The Misinterpretation of Complex Sentences
Michael Meng, Hochschule Merseburg (University of Applied Sciences)
Making appropriate design decisions to ensure accurate text comprehension is one of the central challenges for technical communicators. Practitioners therefore need to understand the main processes involved in text comprehension at word, sentence and text level, and they need to know the main factors that facilitate or hinder accurate comprehension at each level.

The research reported in this paper is concerned with comprehension processes at sentence level, i.e.  the processes whose goal is to recover the proposition(s) that a sentence conveys. As most current models assume, sentence comprehension is basically a two-stage process: comprehenders initially construct the syntactic representation of a sentence, which in turn forms the basis for sentence interpretation, such as the identification of the do-er of an action, or the object affected by the action. Factors increasing syntactic complexity, such as passive, non-canonical word order or sentence embeddings, may slow down this process, but ultimately, a complete syntactic representation results, and consequently, a sentence interpretation that is consistent with sentence syntax. This view has been challenged by the “Good Enough Interpretation” model of Ferreira (2003). According to Ferreira, sentence comprehension is initially rather shallow. In their attempt to recover the proposition(s) of a sentence, comprehenders do not rely on a detailed syntactic analysis, but follow plain heuristic strategies, for example that the do-er of an action is mentioned before the affected object. In addition, comprehenders rely on semantic cues and try to construct plausible interpretations, even if such an interpretation is in conflict with the syntactic structure the sentence actually has. A crucial consequence of this model is that syntactic complexity may not just slow down comprehension, but encourage shallow comprehension. Shallow comprehension, however, increases the risk for comprehenders to misinterpret a sentence, especially in situations in which the cognitive resources of the comprehender are taxed anyway, e. g. when a text is read while operating software or a machine.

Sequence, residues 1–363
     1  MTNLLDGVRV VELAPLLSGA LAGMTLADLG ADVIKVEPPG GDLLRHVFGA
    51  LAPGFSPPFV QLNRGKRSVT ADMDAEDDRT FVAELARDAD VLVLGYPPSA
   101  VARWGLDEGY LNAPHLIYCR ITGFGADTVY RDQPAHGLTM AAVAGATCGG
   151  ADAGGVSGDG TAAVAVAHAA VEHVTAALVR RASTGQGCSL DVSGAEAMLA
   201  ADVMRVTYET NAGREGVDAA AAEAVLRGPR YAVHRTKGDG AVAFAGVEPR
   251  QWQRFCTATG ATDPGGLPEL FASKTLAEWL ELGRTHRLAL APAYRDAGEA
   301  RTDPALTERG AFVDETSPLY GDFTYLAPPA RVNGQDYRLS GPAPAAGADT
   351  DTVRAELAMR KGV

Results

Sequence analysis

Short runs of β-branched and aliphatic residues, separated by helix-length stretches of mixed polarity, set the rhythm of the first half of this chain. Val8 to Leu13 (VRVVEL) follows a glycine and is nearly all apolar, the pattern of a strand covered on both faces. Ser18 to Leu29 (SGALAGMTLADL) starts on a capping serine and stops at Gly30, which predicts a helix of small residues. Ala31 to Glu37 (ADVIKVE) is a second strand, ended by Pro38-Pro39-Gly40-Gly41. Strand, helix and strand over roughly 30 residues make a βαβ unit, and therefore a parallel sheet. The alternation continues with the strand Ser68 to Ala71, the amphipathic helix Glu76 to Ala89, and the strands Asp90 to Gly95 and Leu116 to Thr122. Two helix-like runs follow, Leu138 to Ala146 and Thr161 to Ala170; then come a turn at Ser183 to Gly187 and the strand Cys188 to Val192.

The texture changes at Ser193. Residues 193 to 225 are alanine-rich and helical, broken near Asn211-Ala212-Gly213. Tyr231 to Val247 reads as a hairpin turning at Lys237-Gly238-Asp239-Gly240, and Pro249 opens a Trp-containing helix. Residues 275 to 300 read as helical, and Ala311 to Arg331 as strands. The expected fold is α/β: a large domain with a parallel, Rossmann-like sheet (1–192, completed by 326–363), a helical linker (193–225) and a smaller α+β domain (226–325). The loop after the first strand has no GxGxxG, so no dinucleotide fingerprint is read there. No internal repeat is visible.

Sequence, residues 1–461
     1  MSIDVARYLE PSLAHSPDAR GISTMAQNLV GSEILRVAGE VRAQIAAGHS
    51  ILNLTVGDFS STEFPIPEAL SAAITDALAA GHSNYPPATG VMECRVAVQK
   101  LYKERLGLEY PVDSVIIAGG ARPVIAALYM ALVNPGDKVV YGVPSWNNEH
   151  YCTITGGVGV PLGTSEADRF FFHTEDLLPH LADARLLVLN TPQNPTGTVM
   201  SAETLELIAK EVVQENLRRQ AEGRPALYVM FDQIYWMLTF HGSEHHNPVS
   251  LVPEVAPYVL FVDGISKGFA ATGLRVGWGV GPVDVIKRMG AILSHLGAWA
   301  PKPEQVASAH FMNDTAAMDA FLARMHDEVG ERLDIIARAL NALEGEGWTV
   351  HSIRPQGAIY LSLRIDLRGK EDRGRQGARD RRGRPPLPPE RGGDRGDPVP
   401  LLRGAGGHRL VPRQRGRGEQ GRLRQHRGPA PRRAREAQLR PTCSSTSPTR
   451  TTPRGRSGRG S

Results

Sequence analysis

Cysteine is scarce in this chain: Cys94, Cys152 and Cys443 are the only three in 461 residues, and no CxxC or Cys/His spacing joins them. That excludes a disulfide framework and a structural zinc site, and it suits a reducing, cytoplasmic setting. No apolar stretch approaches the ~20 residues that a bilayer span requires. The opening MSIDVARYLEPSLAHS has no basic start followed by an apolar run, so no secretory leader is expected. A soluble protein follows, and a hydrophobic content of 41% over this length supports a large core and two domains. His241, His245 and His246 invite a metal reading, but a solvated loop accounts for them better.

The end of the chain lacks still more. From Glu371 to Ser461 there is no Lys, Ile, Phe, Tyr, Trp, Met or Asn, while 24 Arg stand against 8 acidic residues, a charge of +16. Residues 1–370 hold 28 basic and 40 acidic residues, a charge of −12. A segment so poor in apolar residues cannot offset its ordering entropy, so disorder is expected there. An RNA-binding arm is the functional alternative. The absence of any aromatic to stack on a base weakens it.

In this paper, we report the results of an experimental study designed to test how the accuracy of comprehension at sentence level depends on syntactic complexity in German, basically following the method used in Ferreira (2003). The experiment presented simple sentences word-by-word on a computer screen. Sentences varied in syntactic complexity: (i) simple active sentences with subject-object order (“Der Programmstart initialisiert den Controller-Prozess”), (ii) passives (“Der Controller-Prozess wird vom Programmstart initialisiert”) and (iii) object-initial sentences (“Den Controller-Prozess initialisiert der Programmstart”). Moreover, the nouns of each sentence occurred in two orders, with the second order simply reversing the phrases serving as subject and object. For example, “Der Controller-Prozess initialisiert den Programmstart” is order 2 of example (i). To test comprehension, participants were required to name aloud the do-er of the described action (e.g. “Programmstart” in (i)-(iii)) or the affected object (“Controller-Prozess”) after each sentence was presented.